Due to the influence of diverse lifestyles and calendars during different dynasties, also the date and meaning of the Spring Festival have changed througout time. Originally Spring Festival was a form of giving thanks and worshiping Gods and ancestors at the end of the year’s farming activities. During the Han dynasty (206 B.C.–220 A.D.) the term Spring Festival was used to refer to the beginning of spring, whereas in the Southern and Northern dynasties (420–589) it was considered to cover the whole spring. After the 1911 Revolution, the first day of the Spring Festival was set on the first day of the first lunar month, according to the lunar calendar originated from the Xia dynasty (2070 B.C.–1600 B.C.). Hence, the date in our Gregorian calendar varies from the last week of January to the last week of February.
Also the New Year rituals and customs have changed throughout different dynasties. However, most of the ancient rituals remain popular today as well. Worshiping ancestors, expelling the old to welcome the new, wishing people fortune, and praying for good harvest are one of most common ancient traditions still very much alive in modern China.
Chinese New Year Chunjie 春节 can be divided into three periods:
The festival begins with the “Days to Greet the Spring” at the end of the last lunar month. This period lasts untill New Year’s Eve and consists of sweeping and dusting homes, buying presents, worshiping ancestors and decorating the doors and windows with red colored New Year couplets and pictures of Door Guardians. At New Year’s Eve, family members gather together to enjoy a festive dinner and shoot firecrackers and fireworks to drive away the demons. On New Year’s Day people continue the celebrations by paying visits to friends and relatives and exchanging blessings. Finally, the Spring Festival culminates in the joyous Lantern Festival on the 15th day of the first lunar month. On the night of the Lantern Festival people light up colorful lanterns with their close ones and watch them dance in the sky. In addition to lanterns, the streets are filled with loud firecrackers, as well as lion and dragon parades, folk dancers and people walking on high stilts.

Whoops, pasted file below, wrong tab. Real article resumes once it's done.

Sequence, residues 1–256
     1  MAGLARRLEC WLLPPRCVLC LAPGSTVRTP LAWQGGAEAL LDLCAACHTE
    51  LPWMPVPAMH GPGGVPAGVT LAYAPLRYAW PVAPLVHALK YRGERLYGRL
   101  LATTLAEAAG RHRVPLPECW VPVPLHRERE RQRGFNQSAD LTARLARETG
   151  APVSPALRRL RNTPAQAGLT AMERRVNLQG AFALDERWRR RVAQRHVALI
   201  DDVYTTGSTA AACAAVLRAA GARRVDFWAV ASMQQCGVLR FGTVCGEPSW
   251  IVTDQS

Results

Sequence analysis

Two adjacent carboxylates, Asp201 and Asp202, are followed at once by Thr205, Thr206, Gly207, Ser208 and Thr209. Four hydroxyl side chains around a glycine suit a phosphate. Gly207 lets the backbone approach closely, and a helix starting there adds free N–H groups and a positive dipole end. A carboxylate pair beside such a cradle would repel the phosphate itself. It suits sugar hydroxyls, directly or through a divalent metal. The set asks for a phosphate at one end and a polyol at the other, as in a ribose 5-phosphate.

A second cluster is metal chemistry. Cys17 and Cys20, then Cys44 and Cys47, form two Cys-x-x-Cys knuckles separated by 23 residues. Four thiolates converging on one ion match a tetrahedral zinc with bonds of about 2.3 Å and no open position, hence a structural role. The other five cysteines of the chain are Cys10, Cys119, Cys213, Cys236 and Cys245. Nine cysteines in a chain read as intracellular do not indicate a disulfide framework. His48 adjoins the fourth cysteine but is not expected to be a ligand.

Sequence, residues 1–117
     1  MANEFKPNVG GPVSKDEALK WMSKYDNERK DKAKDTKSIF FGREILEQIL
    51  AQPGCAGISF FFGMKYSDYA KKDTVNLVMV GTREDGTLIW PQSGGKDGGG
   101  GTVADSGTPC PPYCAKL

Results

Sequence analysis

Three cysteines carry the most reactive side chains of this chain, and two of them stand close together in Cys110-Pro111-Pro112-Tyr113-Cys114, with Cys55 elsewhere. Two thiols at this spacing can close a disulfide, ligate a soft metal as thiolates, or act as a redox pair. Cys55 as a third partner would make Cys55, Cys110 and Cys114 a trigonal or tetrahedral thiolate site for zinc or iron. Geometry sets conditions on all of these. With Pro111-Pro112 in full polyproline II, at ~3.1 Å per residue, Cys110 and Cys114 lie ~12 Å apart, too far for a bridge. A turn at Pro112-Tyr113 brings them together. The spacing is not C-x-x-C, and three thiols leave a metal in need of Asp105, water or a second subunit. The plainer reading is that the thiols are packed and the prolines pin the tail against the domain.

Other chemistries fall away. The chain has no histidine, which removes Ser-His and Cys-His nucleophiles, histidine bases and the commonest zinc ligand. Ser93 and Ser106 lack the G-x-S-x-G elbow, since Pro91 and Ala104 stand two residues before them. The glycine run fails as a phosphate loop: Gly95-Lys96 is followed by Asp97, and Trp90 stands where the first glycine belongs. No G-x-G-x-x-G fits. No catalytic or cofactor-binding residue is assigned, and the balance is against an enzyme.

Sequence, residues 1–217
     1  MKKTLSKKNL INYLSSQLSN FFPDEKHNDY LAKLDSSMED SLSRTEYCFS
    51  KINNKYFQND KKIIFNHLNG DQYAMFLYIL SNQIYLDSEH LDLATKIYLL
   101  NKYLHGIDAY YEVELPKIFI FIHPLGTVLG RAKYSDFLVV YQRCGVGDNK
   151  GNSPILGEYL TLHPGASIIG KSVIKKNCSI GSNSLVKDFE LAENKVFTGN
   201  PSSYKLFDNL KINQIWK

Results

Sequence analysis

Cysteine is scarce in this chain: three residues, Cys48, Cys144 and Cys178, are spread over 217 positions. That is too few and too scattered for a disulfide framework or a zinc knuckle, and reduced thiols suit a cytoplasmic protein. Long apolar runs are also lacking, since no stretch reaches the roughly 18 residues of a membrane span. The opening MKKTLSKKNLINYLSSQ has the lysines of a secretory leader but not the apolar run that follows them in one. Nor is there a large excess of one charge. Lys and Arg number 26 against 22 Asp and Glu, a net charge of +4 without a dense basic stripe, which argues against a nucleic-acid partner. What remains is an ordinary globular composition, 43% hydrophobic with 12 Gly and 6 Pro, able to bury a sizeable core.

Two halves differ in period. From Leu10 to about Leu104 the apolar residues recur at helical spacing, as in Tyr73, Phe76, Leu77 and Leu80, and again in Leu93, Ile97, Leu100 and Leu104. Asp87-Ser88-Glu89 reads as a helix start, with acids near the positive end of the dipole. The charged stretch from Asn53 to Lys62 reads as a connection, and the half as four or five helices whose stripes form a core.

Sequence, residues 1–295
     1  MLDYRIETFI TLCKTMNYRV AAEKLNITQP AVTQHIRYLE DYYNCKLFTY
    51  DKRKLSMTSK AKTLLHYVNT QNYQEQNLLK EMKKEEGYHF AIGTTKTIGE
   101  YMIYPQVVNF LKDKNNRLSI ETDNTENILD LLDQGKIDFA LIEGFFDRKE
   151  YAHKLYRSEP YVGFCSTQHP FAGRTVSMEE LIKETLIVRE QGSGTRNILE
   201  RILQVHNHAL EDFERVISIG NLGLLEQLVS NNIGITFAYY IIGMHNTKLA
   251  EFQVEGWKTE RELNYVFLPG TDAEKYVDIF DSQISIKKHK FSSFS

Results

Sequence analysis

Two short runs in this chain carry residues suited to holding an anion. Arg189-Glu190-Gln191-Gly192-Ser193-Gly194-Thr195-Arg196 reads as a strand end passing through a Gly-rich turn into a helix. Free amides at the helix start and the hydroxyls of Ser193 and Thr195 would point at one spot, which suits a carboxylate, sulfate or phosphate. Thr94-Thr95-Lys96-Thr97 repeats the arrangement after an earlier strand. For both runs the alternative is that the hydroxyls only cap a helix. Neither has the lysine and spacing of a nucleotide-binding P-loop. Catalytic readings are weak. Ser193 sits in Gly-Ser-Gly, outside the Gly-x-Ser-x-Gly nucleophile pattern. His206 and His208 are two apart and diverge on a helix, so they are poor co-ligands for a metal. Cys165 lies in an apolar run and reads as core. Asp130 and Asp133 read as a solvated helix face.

Chinese New Year through the eyes of the Chinese Students and Scholars of University of Helsinki.